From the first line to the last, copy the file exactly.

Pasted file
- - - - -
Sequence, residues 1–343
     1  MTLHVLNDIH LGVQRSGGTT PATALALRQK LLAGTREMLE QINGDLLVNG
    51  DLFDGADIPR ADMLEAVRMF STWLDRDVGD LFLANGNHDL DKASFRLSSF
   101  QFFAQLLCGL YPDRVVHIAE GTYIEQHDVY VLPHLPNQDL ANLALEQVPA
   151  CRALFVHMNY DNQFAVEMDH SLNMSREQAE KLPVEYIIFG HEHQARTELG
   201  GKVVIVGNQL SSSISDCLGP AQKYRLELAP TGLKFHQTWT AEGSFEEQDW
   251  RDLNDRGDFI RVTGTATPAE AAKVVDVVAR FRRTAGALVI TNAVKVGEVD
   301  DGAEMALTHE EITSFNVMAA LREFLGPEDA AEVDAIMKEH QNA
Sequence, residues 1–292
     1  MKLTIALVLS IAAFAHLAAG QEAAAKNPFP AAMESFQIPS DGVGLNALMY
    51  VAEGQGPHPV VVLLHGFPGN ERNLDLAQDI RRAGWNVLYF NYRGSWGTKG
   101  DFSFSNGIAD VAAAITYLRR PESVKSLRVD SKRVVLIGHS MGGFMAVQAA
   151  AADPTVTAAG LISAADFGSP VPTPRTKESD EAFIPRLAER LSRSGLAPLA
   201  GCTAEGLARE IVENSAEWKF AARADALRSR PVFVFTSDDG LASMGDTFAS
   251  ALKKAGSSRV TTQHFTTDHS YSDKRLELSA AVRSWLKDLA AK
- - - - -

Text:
Sequence, residues 1–343
     1  MTLHVLNDIH LGVQRSGGTT PATALALRQK LLAGTREMLE QINGDLLVNG
    51  DLFDGADIPR ADMLEAVRMF STWLDRDVGD LFLANGNHDL DKASFRLSSF
   101  QFFAQLLCGL YPDRVVHIAE GTYIEQHDVY VLPHLPNQDL ANLALEQVPA
   151  CRALFVHMNY DNQFAVEMDH SLNMSREQAE KLPVEYIIFG HEHQARTELG
   201  GKVVIVGNQL SSSISDCLGP AQKYRLELAP TGLKFHQTWT AEGSFEEQDW
   251  RDLNDRGDFI RVTGTATPAE AAKVVDVVAR FRRTAGALVI TNAVKVGEVD
   301  DGAEMALTHE EITSFNVMAA LREFLGPEDA AEVDAIMKEH QNA
Sequence, residues 1–292
     1  MKLTIALVLS IAAFAHLAAG QEAAAKNPFP AAMESFQIPS DGVGLNALMY
    51  VAEGQGPHPV VVLLHGFPGN ERNLDLAQDI RRAGWNVLYF NYRGSWGTKG
   101  DFSFSNGIAD VAAAITYLRR PESVKSLRVD SKRVVLIGHS MGGFMAVQAA
   151  AADPTVTAAG LISAADFGSP VPTPRTKESD EAFIPRLAER LSRSGLAPLA
   201  GCTAEGLARE IVENSAEWKF AARADALRSR PVFVFTSDDG LASMGDTFAS
   251  ALKKAGSSRV TTQHFTTDHS YSDKRLELSA AVRSWLKDLA AK